• Check your sensory skills. This means testing how well you can see, hear, smell and feel things.
    • Test how well you listen and respond to questions. They may ask you to write, draw and speak so they can see if you have a range of facial expressions and to check your speech.
    • Look at how you’re moving and how well you can move your arms and legs. Common movement (motor) symptoms of Parkinson’s include slowness of movement (bradykinesia), stiffness, lack of balance and resting tremors.

    Once they’ve gathered insights from these, your doctor may suspect you have Parkinson’s disease.

    But they may also find it difficult to make a definite diagnosis. Taking Parkinson’s medication and monitoring how your body responds can help them be more certain. If your symptoms improve when you start taking medication like levodopa for Parkinson’s disease, and then your symptoms get worse again when the medication wears off, your doctor will have a clearer picture of your health.

    There are other conditions that also respond to Parkinson’s disease medication. Your doctor will monitor the way your symptoms change to see if they are caused by a different medical condition.

    Brain scans can help with a diagnosis of Parkinson’s disease. These are neurological scans called magnetic resonance imaging (MRI) or striatal dopamine transporter imaging (DaTSCAN) and they enable doctors to see the structure of your brain and how the different areas are working. But they are only available at specialist clinics, can be costly and are not always necessary.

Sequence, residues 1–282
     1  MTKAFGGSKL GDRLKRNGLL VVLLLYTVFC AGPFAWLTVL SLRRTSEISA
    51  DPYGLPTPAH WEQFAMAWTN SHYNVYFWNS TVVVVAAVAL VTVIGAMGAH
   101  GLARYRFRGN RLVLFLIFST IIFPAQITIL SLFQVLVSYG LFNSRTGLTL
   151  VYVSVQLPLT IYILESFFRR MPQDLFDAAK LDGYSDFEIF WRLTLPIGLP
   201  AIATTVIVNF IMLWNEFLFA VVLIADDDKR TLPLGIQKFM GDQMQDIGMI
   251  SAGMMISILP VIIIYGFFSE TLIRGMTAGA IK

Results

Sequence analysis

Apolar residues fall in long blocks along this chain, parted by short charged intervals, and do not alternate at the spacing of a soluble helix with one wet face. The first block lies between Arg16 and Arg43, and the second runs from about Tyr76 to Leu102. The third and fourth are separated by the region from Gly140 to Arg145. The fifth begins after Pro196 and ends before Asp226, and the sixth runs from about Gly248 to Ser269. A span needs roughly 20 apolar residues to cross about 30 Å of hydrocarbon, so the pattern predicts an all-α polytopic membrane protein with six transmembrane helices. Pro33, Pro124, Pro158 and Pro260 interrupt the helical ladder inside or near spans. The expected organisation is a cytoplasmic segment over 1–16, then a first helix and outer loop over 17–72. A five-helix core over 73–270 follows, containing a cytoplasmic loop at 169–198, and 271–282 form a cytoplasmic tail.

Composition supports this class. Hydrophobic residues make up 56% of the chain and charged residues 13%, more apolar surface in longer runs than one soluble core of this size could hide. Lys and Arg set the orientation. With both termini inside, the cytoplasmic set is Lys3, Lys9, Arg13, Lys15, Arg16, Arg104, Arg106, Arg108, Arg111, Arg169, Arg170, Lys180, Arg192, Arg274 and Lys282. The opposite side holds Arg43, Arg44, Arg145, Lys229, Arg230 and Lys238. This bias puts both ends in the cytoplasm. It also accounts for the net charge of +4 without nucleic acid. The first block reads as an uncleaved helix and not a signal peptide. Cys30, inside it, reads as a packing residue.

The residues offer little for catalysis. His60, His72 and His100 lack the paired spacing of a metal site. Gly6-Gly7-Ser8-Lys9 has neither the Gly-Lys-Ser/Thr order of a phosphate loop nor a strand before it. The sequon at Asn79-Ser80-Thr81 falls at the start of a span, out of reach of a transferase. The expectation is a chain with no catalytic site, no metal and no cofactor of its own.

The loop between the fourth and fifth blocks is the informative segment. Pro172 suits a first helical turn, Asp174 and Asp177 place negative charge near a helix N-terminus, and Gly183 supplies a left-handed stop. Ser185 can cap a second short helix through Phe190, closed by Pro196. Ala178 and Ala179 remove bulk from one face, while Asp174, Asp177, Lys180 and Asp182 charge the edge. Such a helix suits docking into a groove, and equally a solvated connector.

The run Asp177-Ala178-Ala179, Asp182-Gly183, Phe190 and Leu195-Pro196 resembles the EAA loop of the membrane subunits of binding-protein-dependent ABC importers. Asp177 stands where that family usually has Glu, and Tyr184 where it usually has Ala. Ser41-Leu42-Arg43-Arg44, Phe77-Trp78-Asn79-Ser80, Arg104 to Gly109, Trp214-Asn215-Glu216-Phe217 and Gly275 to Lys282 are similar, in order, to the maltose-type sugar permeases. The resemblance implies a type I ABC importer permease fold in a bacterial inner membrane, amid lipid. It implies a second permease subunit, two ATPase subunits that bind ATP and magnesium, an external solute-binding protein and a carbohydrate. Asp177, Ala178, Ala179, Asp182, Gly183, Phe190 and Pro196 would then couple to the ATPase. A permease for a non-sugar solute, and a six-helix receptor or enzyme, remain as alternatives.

Receiving a diagnosis of Parkinson’s

    Being told you have Parkinson's disease can be overwhelming.

    Having a loved one with you at your appointments may be a comfort. Finding out as much as you can about Parkinson’s disease from a healthcare professional can also help. They can explain how people can have a good quality of life and live well with Parkinson’s disease. This might be a general doctor or a specialist depending on where you live.

    Write down any questions you have for them about Parkinson’s disease. You might want to ask:

    • Which treatments are available to me?
    • Will I be able to access any services or supportive therapies that can help Parkinson's symptoms such as speech therapy or physiotherapy?
    • Is there a local or vitual support group for people with Parkinson’s disease?
    • How will Parkinson’s affect my everyday life? What might it stop me doing?
    • Is it safe for me to continue to work?

    Check out our Support page for further resources.

    Sources (all accessed June 2022)

    View all articles in the category of: About Parkinson's

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    This article has been put together for informational and educational purposes only. It should not be interpreted to be a diagnosis, treatment or any other type of health care advice. The reader should seek their own medical or professional advice and must not rely on the information contained in this article as an alternative to medical advice from their doctors or other professional healthcare providers. Parkinson's Africa disclaims any responsibility and liability of any kind in connection with the reader’s use of the information.